My initial thoughts are if it was to be a different engine use that cars auto on the bed set up.

Is this clear thinking?


I found a site where a Retarder from a truck is used. Hydraulic action like a torque convertor but the outer body is stationary.

If you listen carefully he is walking around in what we call "thongs". Australia's preferred, Taiwanese safety boot! I believe he is a Black Sabbath fan too! Guess what I'm going looking for tomorrow?


Yes, that's what I'm thinking. I thought about the other side of the small old car engine industry here, today. Getting to run an ancient, rebuilt engine in, on a test bed is the best way to iron out the old machinery before the big job of fitting it . But after all that effort a torque number, before and after, is something to consider. Then again, there is a spare auto up in the mezzanine floor I haven't used. That with a brake on the output is looking pretty easy.


Right Ho!

I've learned and re remembered a bit more since the last post. I'm thinking a gear type hydraulic pump to provide resistance.

It will have to be geared down from the engine, I think a 505 diff will do, about 3.7:1 ratio.

Still tracking down a suitable capacity unit but here is an example of where the ideas are coming from.



The engine is about finalised in assembly now. You can see the sleeve sitting in the block with a pink sealer around the base. No sleeve seal. The liner shoulders were machined to suit the decked block for a 0.005" protrusion. Block was decked 0.020" which gave us 0.020" positive deck height with this piston.

Notice the head dowell fitted as well. Final static compression is 10:1 with 88.5mm pistons and no flycuts in the piston crown needed for valve to piston clearance.

0.037" between piston and valve at TDC with valve open 0.077" on cold clearance settings. Gapless second rings as well.

The new valve springs are 80% more seat load than the poor old worn out Pug units. 40% more than the new spring, factory spec.


I had better update this as it seems some people are interested in the project. I managed to achieve the finished build and run it up on an engine testbed I made. We had knock control, data logging on board, wasted spark, 4 x 45mm throttles and some beautiful noises from the engine at wide open throttle. 

I managed to run it up to 4500rpm wot and measure torque at 150 lb ft. It overwhelmed my test gear then! Some data also coincided extremely close with the Dynosim 5 software once I tuned the mixtures. 12.5 : 1 AF with 10.03: 1 CR at ignition point of 35 deg, no knocking on ulp. Image belows compares in light colour the predicted ignition and torque with the actual ignition I ran at 4500 rpm and a prediction in dark red of the torque I might expect using complex mathematics. I measured 150 lb ft. that afternoon. Amazing! If anyone is interested on the methods I used to scratch tune this I can post up the details . 150 lb ft equates to 128 hp at 4500 rpm. The std Ti had 110 hp ( advertised) at 5600 rpm. I have another build on at the moment which will have Webers and a programmable distributor instead. I have the maps in my laptop and hard drive for reference.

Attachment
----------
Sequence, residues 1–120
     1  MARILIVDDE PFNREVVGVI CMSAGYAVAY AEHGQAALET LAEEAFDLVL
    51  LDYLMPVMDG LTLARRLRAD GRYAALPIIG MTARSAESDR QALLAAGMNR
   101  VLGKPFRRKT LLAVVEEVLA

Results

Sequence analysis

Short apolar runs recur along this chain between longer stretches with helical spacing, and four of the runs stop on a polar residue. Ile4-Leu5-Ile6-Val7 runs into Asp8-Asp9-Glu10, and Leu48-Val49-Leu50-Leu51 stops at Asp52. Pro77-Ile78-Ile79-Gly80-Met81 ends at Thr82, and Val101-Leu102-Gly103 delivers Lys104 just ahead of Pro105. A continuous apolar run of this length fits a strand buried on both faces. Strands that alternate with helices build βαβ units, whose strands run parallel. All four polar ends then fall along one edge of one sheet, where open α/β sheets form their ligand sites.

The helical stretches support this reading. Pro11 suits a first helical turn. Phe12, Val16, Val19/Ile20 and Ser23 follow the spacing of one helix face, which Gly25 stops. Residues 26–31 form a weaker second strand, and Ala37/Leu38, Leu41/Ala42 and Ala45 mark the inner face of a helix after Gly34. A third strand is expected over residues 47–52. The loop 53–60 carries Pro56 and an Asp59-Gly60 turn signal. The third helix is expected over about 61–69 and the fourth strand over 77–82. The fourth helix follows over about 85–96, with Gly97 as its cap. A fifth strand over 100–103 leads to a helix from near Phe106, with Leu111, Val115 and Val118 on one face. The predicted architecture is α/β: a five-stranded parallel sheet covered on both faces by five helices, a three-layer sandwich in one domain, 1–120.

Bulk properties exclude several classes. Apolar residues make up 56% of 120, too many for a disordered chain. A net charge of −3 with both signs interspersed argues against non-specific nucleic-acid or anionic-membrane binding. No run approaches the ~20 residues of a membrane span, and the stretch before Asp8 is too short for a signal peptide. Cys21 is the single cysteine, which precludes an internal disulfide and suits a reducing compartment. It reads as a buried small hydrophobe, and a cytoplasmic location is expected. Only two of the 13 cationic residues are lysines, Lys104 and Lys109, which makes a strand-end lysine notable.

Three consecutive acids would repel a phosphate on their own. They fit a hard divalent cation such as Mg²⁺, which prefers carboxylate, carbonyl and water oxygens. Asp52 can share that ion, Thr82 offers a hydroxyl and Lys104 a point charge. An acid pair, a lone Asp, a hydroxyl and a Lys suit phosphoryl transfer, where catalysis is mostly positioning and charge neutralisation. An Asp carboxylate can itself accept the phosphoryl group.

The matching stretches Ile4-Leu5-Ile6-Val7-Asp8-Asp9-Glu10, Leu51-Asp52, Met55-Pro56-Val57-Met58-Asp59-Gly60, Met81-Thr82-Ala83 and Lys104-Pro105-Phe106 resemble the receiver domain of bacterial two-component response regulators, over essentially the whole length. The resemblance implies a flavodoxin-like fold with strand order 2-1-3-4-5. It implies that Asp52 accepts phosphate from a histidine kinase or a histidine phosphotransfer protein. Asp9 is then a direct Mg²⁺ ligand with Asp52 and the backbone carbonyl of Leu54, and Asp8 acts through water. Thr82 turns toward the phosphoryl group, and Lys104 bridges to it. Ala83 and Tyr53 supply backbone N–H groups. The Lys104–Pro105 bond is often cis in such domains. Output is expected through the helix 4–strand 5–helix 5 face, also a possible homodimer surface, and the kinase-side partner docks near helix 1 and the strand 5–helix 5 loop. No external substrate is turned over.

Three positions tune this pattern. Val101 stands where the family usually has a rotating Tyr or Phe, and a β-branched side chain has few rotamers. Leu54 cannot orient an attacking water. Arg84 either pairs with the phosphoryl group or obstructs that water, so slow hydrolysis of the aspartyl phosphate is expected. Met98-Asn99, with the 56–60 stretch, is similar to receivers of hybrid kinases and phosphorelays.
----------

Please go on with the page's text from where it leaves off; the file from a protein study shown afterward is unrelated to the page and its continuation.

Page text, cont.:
Some images of the build and test bed I knocked up for initial scratch mapping. I had a lab power source hooked up and then tuned dwell and injector deadtime down to almost 6 volts up to 15 volts. That made the engine start beautifully. The white graph is the tuned in ignition map, TPS to RPM. The  blue blue graph is Dynosim 5 ignition figures for use in the Simulation. You can see the ECU at WOT and 4250 to 4750 35 and 36 degrees respectively. No knocking recorded or heard via electronic stethoscope. Also recorded on a digital strain gauge 150 lb ft at 4500 at 12.5 af ratio. Simulator worked . I had no alternator fitted but did use the water pump in the test.  You can see my custom valve springs and retainers , chrome moly pushrods, and aren't those blue trumpets cool? Valve lift is 0.440" . 275 seat to seat and 231 at 0.050". I made a cover to blanket the alloy inlet runners which keeps the inlet at 50 to 60 in the manifold. I used a Hitachi  Optical CAS from a nissan it sits tightly under the manifold where the distributor was. Wasted spark from Subaru Liberty  with coil dumb coil drivers inside coil pack. Mi 16 injectors. Coolant temp fitted under thermostat in water pump from 505/306/405 CTS and air temp from 306 throttle body. I fitted a fuel tank purge valve as the fast idle air inlet which was pulsed by ECU and closed at 50 C. Engine is patiently waiting at owners shed to fitted to a rally preped 404 . 4 wheel disc brakes, hypoid diff, BA7/5 gearbox. I also made up a replacement driveshaft for a couple of his cars using 505 shafts from a wagon. We fit a solid crucifix uni from a small ford into a 505 uni and use the 505 splines on our shortened tailshaft. I break unis easily in my 404 and this idea seems to be working pretty well at the moment. 


I ended up running the engine on the test bed to 4500 rpm, wide open throttle and fully loaded. It returned 145 lb at 4500 at predicted ignition of 37 deg. BTDC.


Sorry. RPM . Here it is again. It has 4 x 45mm throttles,  2x 2 batch fired injectors and wasted spark. My exhaust was the larger bore factory manifold and a not so pretty large pipe into an old Landcruiser muffler, so there is probably more left. All things considered , until 4500 rpm WOT the prediction matched my torque readings withing a few lb. Air temps were high at 55 to 60 deg C.

Engine needs to run in too. I'm very happy with it. A sound so glorious that men from the neighbourhood just wanted to sit in the door and listen! I purchased Pipemax a while ago so the next version of this engine should be a little better.  The inlet ports were filled where the injector relief was and just gently finished . The exhaust ports got a lot of material removed though. A little rally 404 sedan should  boogie with it.

If you check the second image the torque I measured at 4500 rpm was 145 lb, with the prediction saying 150. With exhaust system fitted there is every chance of the  predicted at power at 6500 rpm. 

G'Day Drew, I'm using standard valves.  I have another getting built up with more fine tuning in the port dimensions and valve head shape.

 This cam is a product of Owen W ( aussiefrogs) and Camtech. 622/107. Your cam is one of my set ups ground by Tighe Cams. for street use. The 622/107 by Camtech is a nice set up which is almost a Tighe 240 with a little more lift.

Your cam is Intake 19/58  0.455" lift Exhaust 70/21 0.474" lift, long inlet and plenum. The throttle body engine is Intake 30.5/64.5 0.444" lift Exhaust 66.5/28.5 0.444" lift and 4 x 45 mm throttles. I have a heat shield over the top of the inlet manifold to keep the runners hot as well. 

Below in red and green is what I think would be your engine compared to in the dark red and dark green the tested engine I got tuned to 4500rpm with the predictions very close to reality. You can see how much more low rpm your set up has here.